All Stars programs are designed to prevent, reduce or eliminate negative behaviors and promote positive behaviors. Each All Stars program, and every session and activity within All Stars achieves these goals by changing qualities that account for why young people engage in these behaviors. The various All Stars programs address the following concepts to one degree or another:
Beliefs about Consequences. Behaviors have consequences. The consequences young people pay attention to are short-term (they happen immediately or shortly after the behavior) and they are psychological and social in nature. Teens tend to not pay attention to severe health outcomes, which are seen as unlikely to happen. This topic is addressed in all programs.
Bonding. This refers to attachments that form between individuals and social institutions to which they belong. Prosocial groups are those which disapprove of substance use, violence, and premature sexual activity. Students who associate with and feel accepted by such institutions such as a school, church, recreation group, or sports team are protected from experimenting with and engaging in high_risk behaviors. All programs promote bonding to school or to the sponsoring organization.
Commitment to Not Use or Reduce Use. Young people who make public and private commitments to their vision of the future are motivated to avoid situations that put them at risk. A commitment is an internalized intention which results in a voluntary public expression of one's intention not to participate in substance use, violence, or premature sexual activity. All Stars Core, Booster, Plus and Senior address commitment.
Decision Making and Impulsivity Control. Many young people who engage in risky behaviors act on impulse and have few skills for making reasoned decisions. Learning steps for making decisions, learning how to listen to your conscience, and practicing these help students discover alternatives, weigh consequences and make appropriate choices. A focus on decision making and impulsivity control is addressed in All Stars Plus and All Stars Senior.
Goal Setting. Many young people do not know the steps to take to achieve goals. Even when they have an ideal they wish to strive for, knowing how to take action and persisting despite experiencing setbacks and obstacles helps young people maintain a sense of idealism. Goal setting is actively addressed in All Stars Plus and All Stars Senior.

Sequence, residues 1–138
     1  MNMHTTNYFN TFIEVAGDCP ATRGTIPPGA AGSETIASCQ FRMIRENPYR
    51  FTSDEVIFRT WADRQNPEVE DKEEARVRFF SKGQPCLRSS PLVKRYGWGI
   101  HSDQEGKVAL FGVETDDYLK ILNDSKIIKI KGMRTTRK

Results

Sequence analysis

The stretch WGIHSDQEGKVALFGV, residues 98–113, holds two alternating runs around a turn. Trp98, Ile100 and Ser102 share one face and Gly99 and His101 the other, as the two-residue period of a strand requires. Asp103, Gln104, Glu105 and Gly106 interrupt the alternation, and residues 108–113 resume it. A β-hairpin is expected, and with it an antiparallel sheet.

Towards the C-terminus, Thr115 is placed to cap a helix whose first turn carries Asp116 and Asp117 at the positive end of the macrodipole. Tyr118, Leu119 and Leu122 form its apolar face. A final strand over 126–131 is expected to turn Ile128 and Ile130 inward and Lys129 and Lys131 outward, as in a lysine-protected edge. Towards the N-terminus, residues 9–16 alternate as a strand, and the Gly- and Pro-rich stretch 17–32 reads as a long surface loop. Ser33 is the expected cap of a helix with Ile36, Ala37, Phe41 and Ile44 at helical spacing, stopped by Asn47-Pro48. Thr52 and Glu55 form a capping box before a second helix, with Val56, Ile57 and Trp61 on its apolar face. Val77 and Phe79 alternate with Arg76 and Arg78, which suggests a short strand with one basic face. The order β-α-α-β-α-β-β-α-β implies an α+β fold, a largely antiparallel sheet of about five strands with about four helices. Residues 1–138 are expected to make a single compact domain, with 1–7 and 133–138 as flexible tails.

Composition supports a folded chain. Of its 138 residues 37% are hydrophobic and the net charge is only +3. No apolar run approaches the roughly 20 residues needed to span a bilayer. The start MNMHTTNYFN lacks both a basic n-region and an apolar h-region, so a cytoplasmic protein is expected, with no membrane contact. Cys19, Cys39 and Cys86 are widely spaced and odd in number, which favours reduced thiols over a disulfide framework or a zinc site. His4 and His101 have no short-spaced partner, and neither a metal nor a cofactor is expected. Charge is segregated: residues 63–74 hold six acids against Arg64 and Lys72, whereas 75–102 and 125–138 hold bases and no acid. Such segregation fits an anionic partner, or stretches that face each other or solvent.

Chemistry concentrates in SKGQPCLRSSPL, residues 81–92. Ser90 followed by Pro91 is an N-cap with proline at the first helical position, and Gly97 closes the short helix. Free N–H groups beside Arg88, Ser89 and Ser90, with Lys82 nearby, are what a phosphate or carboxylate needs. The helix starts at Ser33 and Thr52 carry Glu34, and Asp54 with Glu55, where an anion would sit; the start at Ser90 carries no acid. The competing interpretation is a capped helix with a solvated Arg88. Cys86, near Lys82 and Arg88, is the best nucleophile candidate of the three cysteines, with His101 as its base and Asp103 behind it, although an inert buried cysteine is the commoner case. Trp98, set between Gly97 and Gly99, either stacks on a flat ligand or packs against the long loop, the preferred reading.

Idealism. Young people who have a clear vision of their future understand that high_risk behaviors interfere with their life goals. Idealism refers to identifying and understanding what is important and recognizing that drug use and other risky behaviors would interfere with achieving what is important. Idealism is addressed in all programs.
Norms. When everyone in a peer group agrees that high_risk behaviors are stupid, dumb, unpopular, and unacceptable to others, they understand that avoiding these behaviors will help them fit in. There are two parts to positive norms. The first part is related to what young people believe about their peer group. Young people, particularly those at risk, exaggerate how common and acceptable drug use and other risky behaviors are. Correcting erroneous perceptions reduces risks. The second part of positive norms is actually establishing a group norm that supports the non-use of substances, cooperation instead of fighting, and positive social relationships that postpones sexual activity. Building positive norms is addressed in all of the All Stars programs.
Parental Attentiveness. Parents can help their children to become highly motivated to avoid high risk behaviors. Parents are most effective at preventing risky behaviors and promoting healthy behaviors when they: understand growth and development, regularly express love and affection, promote involvement in the community, set clear standards, monitor and supervise their child's friends and activities, provide appropriate discipline when needed, and when they set a positive example. Increasing parental attentiveness is addressed in All Stars Core, Booster, and Plus.
Resistance Skills Training. It is rare, but there are occasions when peer pressure can be overt. Knowing how to refuse dares and unwanted invitations to participate in risky behavior helps young people deal with this pressure. Research suggests it is especially important for young people who already have experience with substance use, violence, and sexual activity avoid relapse when they find themselves in risky situations. Resistance skills training includes teaching students to stand up for themselves, ask for what they want, express themselves, and say no when they want to without being passive or aggressive. This concept is addressed in All Stars Plus and All Stars Senior.
Self-Management. When young people experience anger and stress, they often respond in maladaptive ways. Stress management seems to be a particularly important skill for people who are trying to break bad habits such as smoking and drinking. These skills are addressed in All Stars Senior.